library using the command `search_doc("<search-keyword>")`.

When you type “0.6**2” in Python, it returns something like 0.35999999999999999. But when you do the same in Sage it returns 0.360000000000000. To understand why Python behaves as it does, see the Python Tutorial, especially the chapter “Floating Point Arithmetic: Issues and Limitations”. What Sage does is “preparse” the input and transforms it like this:

```
sage: preparse("0.6**2")
"RealNumber('0.6')**Integer(2)"
```

So what is *actually* run is:

```
RealNumber('0.6')**Integer(2)
```

The Sage developers (in fact, Carl Witty) decided that Sage floating
point numbers should by default print only the known correct decimal
digits, when possible, thus skirting the problem that Python has. This
decision has its pros and cons. Note that `RealNumber` and
`Integer` are Sage specific, so you would not be able to just type
the above into Python and expect it to work without first an import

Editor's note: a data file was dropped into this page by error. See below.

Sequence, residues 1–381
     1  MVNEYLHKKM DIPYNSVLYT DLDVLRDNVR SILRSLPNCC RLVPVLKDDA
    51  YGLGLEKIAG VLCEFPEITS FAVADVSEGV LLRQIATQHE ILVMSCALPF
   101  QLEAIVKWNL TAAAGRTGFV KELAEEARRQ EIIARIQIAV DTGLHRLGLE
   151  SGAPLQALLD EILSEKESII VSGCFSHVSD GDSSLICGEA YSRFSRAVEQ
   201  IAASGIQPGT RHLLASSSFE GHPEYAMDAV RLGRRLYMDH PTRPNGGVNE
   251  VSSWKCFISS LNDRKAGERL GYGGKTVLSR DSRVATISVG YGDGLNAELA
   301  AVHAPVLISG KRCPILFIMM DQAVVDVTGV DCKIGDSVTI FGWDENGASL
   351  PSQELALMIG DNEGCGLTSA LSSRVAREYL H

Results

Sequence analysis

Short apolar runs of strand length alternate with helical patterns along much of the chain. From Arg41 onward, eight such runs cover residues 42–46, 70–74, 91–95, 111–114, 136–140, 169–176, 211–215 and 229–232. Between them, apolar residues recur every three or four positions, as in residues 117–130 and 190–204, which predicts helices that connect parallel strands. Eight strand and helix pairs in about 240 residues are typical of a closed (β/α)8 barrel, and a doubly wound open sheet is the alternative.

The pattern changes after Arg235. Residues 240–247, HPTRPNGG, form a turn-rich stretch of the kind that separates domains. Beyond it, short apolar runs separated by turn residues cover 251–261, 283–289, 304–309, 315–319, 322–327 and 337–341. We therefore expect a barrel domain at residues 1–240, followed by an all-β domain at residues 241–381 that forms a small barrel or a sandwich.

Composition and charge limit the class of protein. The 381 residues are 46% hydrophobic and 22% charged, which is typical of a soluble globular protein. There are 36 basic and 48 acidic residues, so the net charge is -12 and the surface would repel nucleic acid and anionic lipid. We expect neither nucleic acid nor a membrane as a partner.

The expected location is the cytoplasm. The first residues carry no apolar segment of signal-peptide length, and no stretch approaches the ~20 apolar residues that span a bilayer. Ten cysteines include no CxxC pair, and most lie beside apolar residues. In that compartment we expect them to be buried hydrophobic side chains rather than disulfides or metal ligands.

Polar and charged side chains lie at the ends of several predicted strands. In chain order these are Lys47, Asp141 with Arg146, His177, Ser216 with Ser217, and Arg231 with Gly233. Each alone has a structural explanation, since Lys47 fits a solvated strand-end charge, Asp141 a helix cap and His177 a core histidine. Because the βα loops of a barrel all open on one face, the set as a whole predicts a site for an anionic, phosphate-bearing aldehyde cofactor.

statement such as:

```
from sage.all import RealNumber, Integer, preparse
```

Using Sage, you are missing a feature of the Magma command line interface. In Magma, if you enter a line found in history using up arrow key and then press down arrow key, then the next line in history is fetched. This feature allows you to fetch as many successive lines in history as you like. However, Sage does not have a similar feature. The IPython command prompt uses the readline library (via pyreadline), which evidently does not support this feature. Magma has its own custom “readline-like” library, which does support this feature. (Since so many people have requested this feature, if anybody can figure out how to implement it, then such an implementation would certainly be welcome!)